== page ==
National clean energy groups request a rehearing with FERC, claiming it undermines state programs with MOPR
Four national clean energy organizations are calling out Federal Energy Regulatory Commission (FERC) for its “regulatory overreach” with its Minimum Offer Price Rule (MOPR), which they are saying is bias toward fossil fuels and blocks renewables from participating in wholesale PJM capacity markets.
The four — Advanced Energy Economy (AEE), American Council on Renewable Energy (ACORE), American Wind Energy Association (AWEA) and the Solar Energy Industries Association (SEIA) — have filed a rehearing request with FERC. With the rehearing request, they are making it clear that FERC simply does not have the authority under the Federal Power Act to interfere with the states’ ability to choose clean energy generating facilities and, in turn, undermine state clean energy programs.
Instituting the MOPR would block new clean energy resources from participating in wholesale capacity markets. Further, the effect of FERC’s order will be to pad profits for incumbent fossil fuel generators, on the backs of customers forced to pay more, by preventing state-supported clean generators from clearing the capacity market.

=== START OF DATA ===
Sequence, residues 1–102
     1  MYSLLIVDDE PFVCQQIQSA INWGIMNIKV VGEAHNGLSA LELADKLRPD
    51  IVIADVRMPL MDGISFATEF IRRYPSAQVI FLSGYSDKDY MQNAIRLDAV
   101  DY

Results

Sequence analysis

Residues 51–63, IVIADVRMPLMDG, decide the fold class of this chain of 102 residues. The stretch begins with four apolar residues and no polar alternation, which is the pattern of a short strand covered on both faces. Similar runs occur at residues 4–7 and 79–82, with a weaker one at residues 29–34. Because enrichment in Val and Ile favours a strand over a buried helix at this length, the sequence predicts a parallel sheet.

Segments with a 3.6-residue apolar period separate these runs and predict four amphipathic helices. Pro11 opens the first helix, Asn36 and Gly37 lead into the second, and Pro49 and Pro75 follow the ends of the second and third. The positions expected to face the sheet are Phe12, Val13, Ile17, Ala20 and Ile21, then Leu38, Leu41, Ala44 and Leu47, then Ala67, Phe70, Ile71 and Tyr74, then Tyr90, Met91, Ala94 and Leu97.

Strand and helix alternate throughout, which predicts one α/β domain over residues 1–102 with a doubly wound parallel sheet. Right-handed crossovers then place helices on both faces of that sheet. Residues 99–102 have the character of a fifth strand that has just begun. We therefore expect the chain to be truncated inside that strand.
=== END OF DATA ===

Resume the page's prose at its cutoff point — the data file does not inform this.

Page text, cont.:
By supporting resources like renewables that do not produce air pollution, the states are doing what the current PJM market fails to do – protecting the environment and their citizens from the harmful effects of air pollution. FERC should not be in the business of nullifying states’ decisions to bring more clean energy to their communities.
FERC must reconsider its regulatory overreach. The four organizations will continue to work with their members, PJM, and federal and state regulators to ensure that clean energy deployment moves forward and that state policies are respected.
Specifically, the Clean Energy Associations’ Request for Rehearing says …
• FERC’s MOPR Order exceeds its jurisdiction under the Federal Power Act
• FERC’s MOPR Order directs PJM to implement rates and practices that are incompatible with the Federal Power Act
• FERC’s handling of the MOPR proceeding is arbitrary, capricious, and inconsistent with reasoned decision making; and
• FERC’s MOPR Order improperly reconsiders and upholds findings from its June 2018 Order while failing to address timely petitions for rehearing that order.
Additionally, the Clean Energy Associations’ Request for Rehearing asks FERC to:
• Clarify that the MOPR Order does not apply to certain voluntary renewable energy credits (RECs); and
• Clarify that it does not consider a property tax abatement to be a state subsidy.